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Preface: The Spaces Boundaries Open Up

I’ve always thought life is more about what is unsaid than what is said. We live in odd gaps of silence, irremediable interstices that sometimes last forever. A lingering glance averted. The lover who slams the door and runs away. Unsent letters. We all carry so many strange little moments within us. Memory shuffles through random snapshots. Sometimes they seem insignificant, yet they stay with us for some reason, weaving the fabrics of our beings. In the end, we don’t seize the day so much as it seizes us.

The idea of capturing such small but telling moments of life is what drew me to 100-word stories (or “drabbles” as they’re sometimes referred to). I’d previously written novels and longer short stories, forms that demanded an accumulation of words—to sew connections, to explain, to build an entire world with text. I wondered, what if I did the opposite? What if instead of relying on the words of a story, I relied on the spectral spaces around those words? What if I privileged excision over any notion of comprehensiveness, and formed narratives around caesuras and crevices?

We live as foragers in many ways, after all, sniffing at hints, interpreting the tones of a person’s voice, scrutinizing expressions, and then trying to put it all together into a collage of what we like to call truth. Whether it’s the gulf between a loved one, the natural world, or God, we exist in lacunae. I wanted to write with an aesthetic that captured these “fissures,” as I began to think about them.

Perhaps I could have accomplished such an aesthetic of writing in a longer form, but the hard borders of a 100- word story put a necessary pressure on each word, each sentence. In my initial forays into 100-word stories, my stories veered toward 150 words or more. I didn’t see ways to cut or compress. I didn’t see ways to make the nuances and gestures of language invite the reader in to create the story. But writing within the fixed lens of 100 words required me to discipline myself stringently. I had to question each word, to reckon with Flaubert’s “mot juste” in a way that even most flash fiction doesn’t. As a result, I discovered those mysterious, telling gaps that words tend to cover up.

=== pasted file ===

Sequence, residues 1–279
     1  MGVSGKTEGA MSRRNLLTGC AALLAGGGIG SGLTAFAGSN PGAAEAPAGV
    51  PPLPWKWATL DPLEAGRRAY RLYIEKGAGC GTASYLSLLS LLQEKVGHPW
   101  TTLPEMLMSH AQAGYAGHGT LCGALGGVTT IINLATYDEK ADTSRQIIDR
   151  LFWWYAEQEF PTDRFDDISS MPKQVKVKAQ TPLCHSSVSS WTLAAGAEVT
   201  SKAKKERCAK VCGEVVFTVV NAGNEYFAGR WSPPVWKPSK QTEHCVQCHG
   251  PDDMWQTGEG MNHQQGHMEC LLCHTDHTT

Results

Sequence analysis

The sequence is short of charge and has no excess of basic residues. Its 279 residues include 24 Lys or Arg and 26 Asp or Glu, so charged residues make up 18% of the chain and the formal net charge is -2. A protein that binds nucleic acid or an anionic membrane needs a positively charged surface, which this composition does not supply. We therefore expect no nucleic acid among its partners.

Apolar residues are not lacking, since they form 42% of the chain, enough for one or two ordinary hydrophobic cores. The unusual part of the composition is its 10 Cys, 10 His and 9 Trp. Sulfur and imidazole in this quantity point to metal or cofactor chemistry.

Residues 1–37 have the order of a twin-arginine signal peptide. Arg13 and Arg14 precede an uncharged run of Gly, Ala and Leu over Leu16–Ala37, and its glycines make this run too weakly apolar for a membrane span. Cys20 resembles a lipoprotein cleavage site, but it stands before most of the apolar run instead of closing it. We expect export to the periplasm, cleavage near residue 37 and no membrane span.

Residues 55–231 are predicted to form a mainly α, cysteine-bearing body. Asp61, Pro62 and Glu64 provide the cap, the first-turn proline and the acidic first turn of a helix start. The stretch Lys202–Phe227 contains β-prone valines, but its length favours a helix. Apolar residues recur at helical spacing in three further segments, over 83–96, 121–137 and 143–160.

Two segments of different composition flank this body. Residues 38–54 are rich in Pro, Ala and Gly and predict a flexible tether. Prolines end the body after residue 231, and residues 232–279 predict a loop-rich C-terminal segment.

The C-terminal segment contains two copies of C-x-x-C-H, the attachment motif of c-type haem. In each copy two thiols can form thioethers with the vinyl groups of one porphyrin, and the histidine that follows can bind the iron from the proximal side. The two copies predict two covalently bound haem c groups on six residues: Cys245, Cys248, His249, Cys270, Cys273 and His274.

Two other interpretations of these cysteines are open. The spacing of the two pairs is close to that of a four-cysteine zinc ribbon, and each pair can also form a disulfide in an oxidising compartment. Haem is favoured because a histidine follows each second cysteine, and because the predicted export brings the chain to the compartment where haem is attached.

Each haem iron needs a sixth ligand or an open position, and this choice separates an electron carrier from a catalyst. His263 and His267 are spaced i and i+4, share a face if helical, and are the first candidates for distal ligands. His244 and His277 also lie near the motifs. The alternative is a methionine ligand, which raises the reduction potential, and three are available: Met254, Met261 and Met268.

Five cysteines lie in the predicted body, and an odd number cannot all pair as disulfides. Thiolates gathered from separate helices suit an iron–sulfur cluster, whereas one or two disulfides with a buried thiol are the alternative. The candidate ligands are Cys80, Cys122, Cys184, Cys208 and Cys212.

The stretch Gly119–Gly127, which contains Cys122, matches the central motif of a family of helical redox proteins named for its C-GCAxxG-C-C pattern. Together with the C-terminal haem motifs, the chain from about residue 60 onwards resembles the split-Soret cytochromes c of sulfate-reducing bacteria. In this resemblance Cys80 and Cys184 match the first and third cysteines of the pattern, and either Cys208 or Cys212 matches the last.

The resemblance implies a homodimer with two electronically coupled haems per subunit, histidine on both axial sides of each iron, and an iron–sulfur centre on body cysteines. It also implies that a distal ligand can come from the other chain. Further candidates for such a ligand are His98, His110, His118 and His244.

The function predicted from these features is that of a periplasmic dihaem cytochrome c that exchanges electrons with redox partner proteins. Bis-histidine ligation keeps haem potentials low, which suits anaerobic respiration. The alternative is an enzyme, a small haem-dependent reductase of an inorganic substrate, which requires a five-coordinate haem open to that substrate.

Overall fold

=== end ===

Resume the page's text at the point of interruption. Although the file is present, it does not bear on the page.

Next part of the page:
We all have a literal blind spot in our eyes where the optic nerve connects to the retina and there are no light-detecting cells. None of us will ever know the whole story, in other words. We can only collect a bag full of shards and try to piece them together. This collection is my bag full of shards.


A resistance to spontaneous modes of imagination. A disdain for sultriness. Tattered underwear. Every marriage has its own legalities, and these were Anthony’s claims for divorce. Sometime, long ago, they’d believed in something that rhymed with galactic. Now, if gossip columns about ordinary people existed, they would have reported him howling at the moon. In one last attempt to save their romance, he asked her to get high and lay on the grass. She held a grocery list, stared at him with a survivalist’s determination. He saw teddy bears, grasshoppers in the clouds. The worms beneath him abandoned their selves.

Originally published in Fissures: One Hundred 100-Word Stories from Press 53

Grant Faulkner is the Executive Director of National Novel Writing Month (NaNoWriMo) and the co-founder of 100 Word Story. He’s published All the Comfort Sin Can ProvideFissures, and Nothing Short of 100: Selected Tales from 100 Word Story. He has also published two books on writing, Pep Talks for Writers: 52 Insights and Actions to Boost Your Creative Mojo, and Brave the Page, a teen writing guide.  

His stories have appeared in dozens of literary magazines, including Tin HouseThe Southwest Review, and The Gettysburg Review, and he has been anthologized in collections such as Norton’s New Micro: Exceptionally Short Fiction and Best Small Fictions. His essays on creativity have been published in The New York TimesPoets & WritersLitHubWriter’s Digest, and The Writer

Additionally, Grant serves on the National Writing Project’s Writer’s Council, Lit Camp’s Advisory Council, and Aspen Words’ Creative Council. He’s also the co-host of the podcast Write-minded. Follow him on Twitter at @grantfaulkner and on Instagram at @grantfaulkner.

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